Director: Michael Showalter
Story By: Abe Sylvia
Cast: Jessica Chastain, Andrew Garfield, Vincent D’Onofrio, & Cherry Jones
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This is one of about 3 or 4 films I have been excited about for this third quarter of the year. I love Jessica Chastain, and I remember the era of the telethons and pledging. Additionally, I love a good biopic or documentary/docuseries/docufilm, so this screamed “see me.”
I was so happy with this film. This is going to be such a tough category of women leads this year. Jessica Chastain did her damn thing.
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Below are my grades for key components in #TheEyesOfTammyFaye that I find to be key in any story/film/series—Theme, Plot, Pacing, and Character Arc/Development.
Additionally, I have added an entertainment factor scale to help you determine whether or not the film is something you’d be interested in taking time out of your weekend, evening, or day to watch. The scale range consists of: Worth the Watch/$$$, Interesting Enough (if looking for something new to start), Wait for Streaming, Don’t Rush, & Don’t Watch.
I have also added a few non-spoiling thoughts, wonderings, and comments as I watched the film to help give some rationale for my grades and entertainment scale.
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Plot & Story: A
Character Arc/Development: A
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General Public: Worth the $$$
Familiar w/ church pledging: Worth the $$$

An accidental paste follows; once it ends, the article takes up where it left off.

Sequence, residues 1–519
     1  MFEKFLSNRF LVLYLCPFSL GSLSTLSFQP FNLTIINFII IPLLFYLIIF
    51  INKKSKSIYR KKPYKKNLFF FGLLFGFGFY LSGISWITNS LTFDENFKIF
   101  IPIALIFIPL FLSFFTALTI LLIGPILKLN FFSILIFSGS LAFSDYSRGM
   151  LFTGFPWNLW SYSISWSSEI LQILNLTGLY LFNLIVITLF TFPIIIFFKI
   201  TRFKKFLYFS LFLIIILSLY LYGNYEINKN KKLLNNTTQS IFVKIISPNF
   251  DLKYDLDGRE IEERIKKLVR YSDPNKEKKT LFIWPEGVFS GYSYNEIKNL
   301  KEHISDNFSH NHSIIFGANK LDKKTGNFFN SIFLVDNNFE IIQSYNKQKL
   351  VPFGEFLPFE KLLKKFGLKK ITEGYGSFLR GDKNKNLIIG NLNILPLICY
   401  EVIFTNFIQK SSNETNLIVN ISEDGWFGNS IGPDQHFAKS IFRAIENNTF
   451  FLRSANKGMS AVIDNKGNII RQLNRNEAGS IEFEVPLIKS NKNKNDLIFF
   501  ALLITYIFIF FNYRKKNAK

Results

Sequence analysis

Biopic Lovers: Worth the $$$
Film Enthusiasts: Worth the $$$
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1. It took me a while to really put into words what the messaging of this biopic was, especially through the eyes of “Tammy Faye” and the too quick exposition of her childhood. However, what I walked away with is a pretty cohesive story that focuses on “using religion to perform/the consequences of performative religion.”
The mother is a well placed static character (and semi-foil) character who helps to allude to this message in every scene she shares with Tammy.
Additionally, Act Three and the second half of Act Two through Jim Bakker really solidifies this theme.
I also think the glimpse of young Tammy observing the church as her spark of interest helps to allow this message to stick as well. 👍🏾👍🏾
2. Baby! When she was in the backseat of that jeep in that white mink… …. 😂😂😂😂Oh how the tables turned.
3. I will say, their hustle was definitely admirable. 🙌🏾
4. Even though I wish a little more time was given to providing some more insight to young Tammy to help really weave in some of older Tammy’s actions, I appreciated how quickly the film got us to Jessica Chastain’s performance/delivery (y’all know I am not a fan of child actors in biopics much for a couple of reasons lol).
The pacing between Acts was also well done in order to get to more of the intimate/ behind the scenes interactions between Tammy and Jim vs focusing so much of the building of this “church-cult.” Pacing allowed me to see and understand the character and the specific role religion played in the cultivation of her life. 👍🏾👍🏾